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September 10, 2001

More visas among freshmen

By Deb Hammacher


The Class of 2005, numbering some 1,233 students, came to campus this fall from every part of the United States and 29 other nations.

Thirty-seven percent of the incoming class applied through early decision, meaning Emory was the students’ top choice and that they withdrew applications to other institutions when accepted by Emory. International student applications and enrollment continued a strong upward trend, with a 20 percent increase this year on top of increases of 26 and 40 percent during the past two years.

“International recruitment has shown impressive growth as a relatively ‘new’ market for Emory,” said Dan Walls, dean of admission. “We are now traveling internationally and have seen double-digit increases in international applicants.”

Official figures will not be available until the registrar’s date of record Sept. 11, but the preliminary profile by the numbers of the incoming class is:
• 51 percent female, 49 percent male.
• 16.6 percent Asian American, 9.2 percent African American,
4 percent international, 2.8 percent Hispanic.
• 32.6 percent total minority and international freshman enrollment.

“We continue, as we have in the past, to get the Emory message out to as broad a population of prospective students as possible—the use of the Internet, direct mail and expanded travel recruitment has aided us,” Walls said.

The average SAT score of incoming freshman is 1327, with a median range of 1280–1450. The average unweighted GPA is 3.63. Among students awarded merit scholarships through national competition, the average SAT score is 1474 and average ACT score is 34; the average GPA is 4.0 (unweighted). There are 34 such students, or approximately 2.8 percent of the incoming class.

A total of 46 states are represented in the incoming class. The geographic breakdown of students is:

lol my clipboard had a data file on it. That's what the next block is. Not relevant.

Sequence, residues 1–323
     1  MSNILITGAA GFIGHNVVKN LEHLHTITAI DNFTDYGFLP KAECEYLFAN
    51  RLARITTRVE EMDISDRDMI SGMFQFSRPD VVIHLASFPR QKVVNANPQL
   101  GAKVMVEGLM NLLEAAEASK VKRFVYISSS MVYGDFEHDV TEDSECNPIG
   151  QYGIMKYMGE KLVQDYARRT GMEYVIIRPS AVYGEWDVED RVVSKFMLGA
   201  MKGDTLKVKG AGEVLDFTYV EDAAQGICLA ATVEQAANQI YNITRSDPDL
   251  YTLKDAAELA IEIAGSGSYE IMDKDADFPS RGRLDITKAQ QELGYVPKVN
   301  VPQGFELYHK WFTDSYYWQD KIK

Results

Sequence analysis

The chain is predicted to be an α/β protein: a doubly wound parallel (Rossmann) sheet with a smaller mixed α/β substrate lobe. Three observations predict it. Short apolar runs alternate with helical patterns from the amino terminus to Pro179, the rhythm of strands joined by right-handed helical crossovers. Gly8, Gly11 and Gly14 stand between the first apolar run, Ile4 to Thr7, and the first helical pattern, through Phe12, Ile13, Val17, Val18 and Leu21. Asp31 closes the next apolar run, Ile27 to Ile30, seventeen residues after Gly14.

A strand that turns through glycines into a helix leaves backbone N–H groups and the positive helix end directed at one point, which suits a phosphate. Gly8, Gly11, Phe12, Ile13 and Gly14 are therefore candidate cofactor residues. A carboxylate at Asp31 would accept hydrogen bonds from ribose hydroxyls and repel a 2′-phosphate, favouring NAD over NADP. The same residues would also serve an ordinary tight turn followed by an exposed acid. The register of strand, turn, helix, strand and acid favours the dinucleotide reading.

• 40.5 percent from the South.
• 22.9 percent from the Middle Atlantic.
• 10.4 percent from the Midwest.
• 8.1 percent from New England.
• 6.3 percent from the Southwest.
• 5.8 percent from the West.

The 49 international first-year students hail from 29 countries, including Korea (13 students); China (4); Canada, India and Turkey (3); Brazil, Oman, Pakistan, Panama, South Africa, Spain and Taiwan (2); and one student each from Argentina, the Bahamas, Bangladesh, Bermuda, Bolivia, Cayman Islands, Chile, Colombia, Egypt, Germany, Indonesia, Jamaica, Japan, Russia, Singapore, the United Kingdom and Venezuela.

Most of this class of first-year students has taken advantage of a high-tech option for getting to know their classmates: A web site called Connect 2005 was available to all accepted first-year students.

When students received their acceptance letters, they were given a user name and password that let them access the chatroom. Established last year, the interactive conference is a service on LearnLink, Emory’s campus intranet.

Finally, another factor played into Emory’s landing such an impressive class, according to Walls. “The extraordinary year Emory had in intercollegiate athletics has greatly expanded our reputation of producing superb student-athletes,” he said.


Back to Emory Report September 10, 2001